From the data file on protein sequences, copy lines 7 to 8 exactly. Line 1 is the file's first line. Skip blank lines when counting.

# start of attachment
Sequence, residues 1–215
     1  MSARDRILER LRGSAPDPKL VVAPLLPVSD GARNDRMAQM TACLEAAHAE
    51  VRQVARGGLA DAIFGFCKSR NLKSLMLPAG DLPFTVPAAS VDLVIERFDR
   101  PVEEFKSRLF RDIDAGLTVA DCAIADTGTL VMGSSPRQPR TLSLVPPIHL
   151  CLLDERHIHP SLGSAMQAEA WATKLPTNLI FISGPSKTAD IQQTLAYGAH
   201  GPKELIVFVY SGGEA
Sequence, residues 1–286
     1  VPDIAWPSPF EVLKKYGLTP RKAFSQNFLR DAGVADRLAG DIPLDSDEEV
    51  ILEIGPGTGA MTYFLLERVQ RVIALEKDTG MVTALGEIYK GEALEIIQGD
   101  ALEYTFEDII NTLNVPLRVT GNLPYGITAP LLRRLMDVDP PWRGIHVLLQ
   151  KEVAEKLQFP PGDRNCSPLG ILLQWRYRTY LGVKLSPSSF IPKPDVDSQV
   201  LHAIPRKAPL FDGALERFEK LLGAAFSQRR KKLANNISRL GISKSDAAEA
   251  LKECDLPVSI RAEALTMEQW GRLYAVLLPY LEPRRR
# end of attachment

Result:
Sequence, residues 1–286
     1  VPDIAWPSPF EVLKKYGLTP RKAFSQNFLR DAGVADRLAG DIPLDSDEEV